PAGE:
The Tour de France pays its respects to those in Nice
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But the overwhelming feeling among the riders and organisation was that the terrorists who carry out such acts shouldn’t be allowed to win.
Tom Dumoulin (Giant-Alpecin) dedicated his win to those who lost their lives and were injured in the Nice attack, while yellow jersey holder Chris Froome (Team Sky) also downplayed the significance of a bike race at a time like this.
As a mark of respect, the podium celebrations were cancelled, with all the leaders of the classifications given their jerseys back stage and entering the podium together to take part in a minute’s silence.
Dumoulin set a marker down for Rio
Dumoulin didn’t just win this time trial, he absolutely smashed it.
Before Froome crossed the line, Dumoulin was over 90 seconds faster than his nearest rival, Nelson Oliveira (Movistar) and had two-and-a-half minute lead over the man in 10th.
Dumoulin always said he wasn’t at the Tour to challenge for the general classification, but to get in shape for the time trial at the Olympic Games in August.
The hilly parcours in Rio isn’t totally different from that on show in the Ardèche, so the Dutchman will be confident of his form heading into the Games.
While many of the best time trialists are on show at the Tour de France, not all of them will be in Rio – Tejay van Garderen (BMC) will not be there, for example.
Froome will still be his main rival, but if this stage is anything to go by the gold medal will be going to the Dutch.
Watch: Tour de France stage 13 highlights
Froome did just what he needed to
After Thursday’s exploits on Mont Ventoux you could have forgiven Froome for being a little bit exhausted. Not only did he have to run up the mountain after breaking his bike, he then had to sweat it out while the jury decided whether he would keep his yellow jersey.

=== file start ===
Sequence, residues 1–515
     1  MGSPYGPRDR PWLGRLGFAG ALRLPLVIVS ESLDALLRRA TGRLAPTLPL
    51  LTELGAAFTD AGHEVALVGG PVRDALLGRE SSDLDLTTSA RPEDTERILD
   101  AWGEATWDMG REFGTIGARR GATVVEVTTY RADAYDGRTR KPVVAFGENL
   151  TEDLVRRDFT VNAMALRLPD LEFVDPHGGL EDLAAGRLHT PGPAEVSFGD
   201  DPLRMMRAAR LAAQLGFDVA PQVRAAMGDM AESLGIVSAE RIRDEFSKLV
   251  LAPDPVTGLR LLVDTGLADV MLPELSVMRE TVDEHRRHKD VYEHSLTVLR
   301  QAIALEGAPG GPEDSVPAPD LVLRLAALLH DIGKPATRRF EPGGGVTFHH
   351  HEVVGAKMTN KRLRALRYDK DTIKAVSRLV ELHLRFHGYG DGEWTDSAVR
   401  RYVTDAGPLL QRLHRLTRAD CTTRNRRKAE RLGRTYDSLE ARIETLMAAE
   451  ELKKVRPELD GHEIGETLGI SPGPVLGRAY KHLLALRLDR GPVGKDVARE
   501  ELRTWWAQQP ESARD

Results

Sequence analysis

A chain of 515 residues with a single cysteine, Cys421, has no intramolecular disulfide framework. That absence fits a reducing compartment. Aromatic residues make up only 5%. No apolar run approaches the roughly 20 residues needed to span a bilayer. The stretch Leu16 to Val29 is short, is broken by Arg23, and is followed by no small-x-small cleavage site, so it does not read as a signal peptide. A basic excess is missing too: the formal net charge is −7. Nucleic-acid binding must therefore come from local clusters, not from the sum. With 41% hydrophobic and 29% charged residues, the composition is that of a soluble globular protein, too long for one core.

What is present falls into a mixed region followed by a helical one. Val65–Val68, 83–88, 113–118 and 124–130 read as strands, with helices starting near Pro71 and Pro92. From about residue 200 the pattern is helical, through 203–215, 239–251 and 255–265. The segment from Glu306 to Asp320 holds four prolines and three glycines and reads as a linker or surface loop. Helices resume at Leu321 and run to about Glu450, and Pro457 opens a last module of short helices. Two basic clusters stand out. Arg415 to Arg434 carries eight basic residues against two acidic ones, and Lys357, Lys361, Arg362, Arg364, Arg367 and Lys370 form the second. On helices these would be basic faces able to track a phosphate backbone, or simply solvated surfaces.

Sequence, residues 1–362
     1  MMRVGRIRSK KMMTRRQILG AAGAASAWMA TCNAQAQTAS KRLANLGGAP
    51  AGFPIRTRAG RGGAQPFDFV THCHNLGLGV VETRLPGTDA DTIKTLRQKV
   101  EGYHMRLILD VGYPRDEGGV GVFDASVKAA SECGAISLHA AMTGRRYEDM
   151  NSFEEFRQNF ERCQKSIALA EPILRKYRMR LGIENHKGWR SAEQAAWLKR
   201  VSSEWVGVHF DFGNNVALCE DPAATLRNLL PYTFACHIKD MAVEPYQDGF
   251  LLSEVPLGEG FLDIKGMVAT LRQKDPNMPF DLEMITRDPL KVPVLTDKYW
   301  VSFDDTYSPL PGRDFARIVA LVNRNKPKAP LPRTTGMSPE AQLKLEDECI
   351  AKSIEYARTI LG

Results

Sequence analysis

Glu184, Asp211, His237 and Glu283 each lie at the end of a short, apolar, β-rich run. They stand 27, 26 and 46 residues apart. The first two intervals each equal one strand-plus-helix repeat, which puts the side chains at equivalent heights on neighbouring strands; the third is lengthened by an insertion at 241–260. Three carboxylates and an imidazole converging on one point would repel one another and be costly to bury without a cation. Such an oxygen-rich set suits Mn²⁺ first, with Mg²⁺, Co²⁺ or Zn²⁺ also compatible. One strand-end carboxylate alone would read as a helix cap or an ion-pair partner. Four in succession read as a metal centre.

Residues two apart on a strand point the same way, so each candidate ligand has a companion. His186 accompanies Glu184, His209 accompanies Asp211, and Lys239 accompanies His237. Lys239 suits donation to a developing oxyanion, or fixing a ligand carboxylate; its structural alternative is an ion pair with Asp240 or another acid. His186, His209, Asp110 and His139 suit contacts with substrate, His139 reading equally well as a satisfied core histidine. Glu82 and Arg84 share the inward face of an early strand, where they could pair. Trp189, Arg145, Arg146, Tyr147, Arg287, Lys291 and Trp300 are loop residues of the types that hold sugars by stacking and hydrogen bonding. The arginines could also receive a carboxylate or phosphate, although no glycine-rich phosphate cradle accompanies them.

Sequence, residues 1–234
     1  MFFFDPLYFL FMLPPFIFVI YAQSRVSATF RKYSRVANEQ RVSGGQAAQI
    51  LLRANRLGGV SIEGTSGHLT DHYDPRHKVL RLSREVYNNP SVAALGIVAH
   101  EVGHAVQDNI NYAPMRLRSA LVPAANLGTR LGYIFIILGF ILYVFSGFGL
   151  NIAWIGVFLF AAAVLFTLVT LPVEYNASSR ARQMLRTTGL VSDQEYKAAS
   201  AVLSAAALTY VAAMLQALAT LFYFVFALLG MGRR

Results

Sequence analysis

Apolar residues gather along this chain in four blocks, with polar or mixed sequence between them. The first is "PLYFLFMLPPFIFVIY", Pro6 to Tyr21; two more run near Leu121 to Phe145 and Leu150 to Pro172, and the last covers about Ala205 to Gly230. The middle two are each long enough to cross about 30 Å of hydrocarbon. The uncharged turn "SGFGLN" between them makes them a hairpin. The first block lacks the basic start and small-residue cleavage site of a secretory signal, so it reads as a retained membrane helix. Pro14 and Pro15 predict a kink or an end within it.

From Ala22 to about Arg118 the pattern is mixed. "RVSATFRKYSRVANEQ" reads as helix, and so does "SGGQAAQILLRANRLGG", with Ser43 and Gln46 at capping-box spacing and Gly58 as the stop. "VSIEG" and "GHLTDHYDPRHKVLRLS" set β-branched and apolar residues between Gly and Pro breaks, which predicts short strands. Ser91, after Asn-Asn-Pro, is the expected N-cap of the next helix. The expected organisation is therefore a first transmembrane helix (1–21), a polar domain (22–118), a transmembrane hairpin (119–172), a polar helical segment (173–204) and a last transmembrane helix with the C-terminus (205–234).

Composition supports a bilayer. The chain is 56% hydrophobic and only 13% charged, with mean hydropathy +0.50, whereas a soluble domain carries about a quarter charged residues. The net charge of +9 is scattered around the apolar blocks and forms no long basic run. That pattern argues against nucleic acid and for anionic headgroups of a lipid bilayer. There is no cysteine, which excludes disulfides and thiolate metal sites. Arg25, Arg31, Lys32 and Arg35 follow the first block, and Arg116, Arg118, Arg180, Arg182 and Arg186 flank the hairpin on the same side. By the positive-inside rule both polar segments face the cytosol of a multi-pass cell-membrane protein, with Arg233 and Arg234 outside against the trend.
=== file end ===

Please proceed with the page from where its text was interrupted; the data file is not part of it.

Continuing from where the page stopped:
But he put all that out of his mind and got ready for the time trial and did exactly what was required to extend his lead in the general classification.
Had he been fresh, he could probably have challenged Dumoulin for the stage win, but coming off the back of 12 hard days of racing he will be happy to settle for second and some big gaps over his rivals.
The ball is very much in Quintana’s court now to lay down some attacks on the yellow jersey. He didn’t have it in his legs on Mont Ventoux but he’ll have to find something before the Alps in order to avoid a repeat of last year.
He won’t be able to make up a nearly three-minute deficit on just one stage, so it will take a sustained effort from Movistar if Quintana is to win the yellow jersey this year.
The Colombian’s defecit to Froome is only 10 seconds better than it was at this point in the race last year, but he left it far too late to get back any time. He won’t be able to make that mistake this time.
Adam Yates continued to defy expectations
Yates isn’t the most noted time trial in the world but he more than impressed in the white jersey on stage 13. Sitting second overall, many expected Yates to plummet down the general classification after the TT, but instead solidified his top-10 position.
He finished three minutes down on Dumoulin, but crucially crossed the line faster than Quintana and he’s had the better of the Colombian in many of the mountain stages this year as well.
He’s not here for a top-10, remember, but if he keeps performing like this then it will be hard for anyone to supplant him from the top five.
The time trial world champion goes missing
It almost certainly wasn’t the fact that he wasn’t good enough, but more the case that he’ll have been told to save his legs for the coming days to help navigate Froome through some tricky stages.
Had he been given the go-ahead to go full gas in this TT he would certainly have finished closer to Dumoulin than 7-33 down.